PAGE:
Leaving aside, however, the specific issue of implementation of this UNSCR, this section of the report demonstrates that the overall mentality of doing business with North Korea is far from treating the country as a pariah. Instead, some countries take a narrowly legalistic approach to interpreting what is acceptable and unacceptable business. For example, the fact that ski lifts were considered something legally permissible to trade with DPRK when the North was building its luxury ski resort is not surprising, as there was no provision to prevent such transfers in UNSCRs adopted prior to 2016. However, if the normative mindset of the international business community had been as universally poisonous toward the DPRK as many might assume, then the legalities would have been beside the point, as traders and exporters would have refused to do business with the North Koreans on principle.
Russia’s willingness to permit DPRK representation at a military technical forum is further evidence of this relatively permissive and positive mindset toward the North, and of an overly restrictive definition of sanctions enforcement that begs common sense. That DPRK representatives were invited to a military-related event in Moscow in 2016 is certainly disturbing, but not unprecedented: Iranian and North Korean armament manufacturers and importer representatives have been invited to trade shows and the like before, prompting debate at the UNSC over whether such activities are permitted or not. As it did with this case, Russia has maintained a different stance about the permissibility of such interactions, arguing that unless explicitly prohibited, such activities ought to continue. But Russia’s explanation and defense of this invitation in 2016 underscores the blatant degree to which the Russians simply disregard the natural concerns that such participation raise: Russia simply stated that the activities in question were not covered by UNSC sanctions. Even if true, this stance encourages other states to take a similarly legalistic approach to UNSC sanctions that, even if defensible, does not help to create the kind of environment in which a normal approach toward North Korea is being discouraged. Moreover, considering Russia is a permanent member of the Security Council and could certainly work with the rest of the UNSC to prohibit such interactions, Russia’s explanation is disingenuous as well.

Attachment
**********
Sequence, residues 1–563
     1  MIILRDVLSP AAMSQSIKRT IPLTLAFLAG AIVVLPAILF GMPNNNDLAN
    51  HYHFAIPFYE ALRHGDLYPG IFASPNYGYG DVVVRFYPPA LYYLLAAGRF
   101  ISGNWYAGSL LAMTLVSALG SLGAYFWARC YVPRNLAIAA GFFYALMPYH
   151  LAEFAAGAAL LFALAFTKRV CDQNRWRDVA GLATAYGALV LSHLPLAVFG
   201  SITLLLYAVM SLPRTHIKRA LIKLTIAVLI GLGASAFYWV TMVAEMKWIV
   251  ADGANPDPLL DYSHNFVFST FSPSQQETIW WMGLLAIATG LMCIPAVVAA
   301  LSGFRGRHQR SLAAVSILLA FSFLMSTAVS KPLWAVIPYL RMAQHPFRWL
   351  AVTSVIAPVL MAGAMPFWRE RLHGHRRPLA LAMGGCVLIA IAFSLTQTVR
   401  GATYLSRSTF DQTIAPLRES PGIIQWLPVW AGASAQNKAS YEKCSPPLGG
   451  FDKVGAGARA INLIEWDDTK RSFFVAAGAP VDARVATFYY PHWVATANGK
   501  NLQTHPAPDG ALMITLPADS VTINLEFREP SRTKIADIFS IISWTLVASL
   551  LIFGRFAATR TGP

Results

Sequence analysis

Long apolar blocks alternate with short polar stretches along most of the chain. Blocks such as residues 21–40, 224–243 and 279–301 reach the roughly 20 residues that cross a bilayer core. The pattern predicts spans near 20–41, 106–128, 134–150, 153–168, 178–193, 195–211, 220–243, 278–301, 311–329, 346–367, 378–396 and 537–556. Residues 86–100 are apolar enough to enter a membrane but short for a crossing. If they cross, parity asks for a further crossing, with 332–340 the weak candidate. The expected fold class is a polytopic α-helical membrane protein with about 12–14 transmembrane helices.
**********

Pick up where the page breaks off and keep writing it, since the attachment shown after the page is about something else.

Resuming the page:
North Korea will not change its stance toward UNSC resolutions so long as it believes that the consequences of UN sanctions are manageable and that other countries will take deferential—and even permissive—interpretations toward the text of resolutions and their obligations.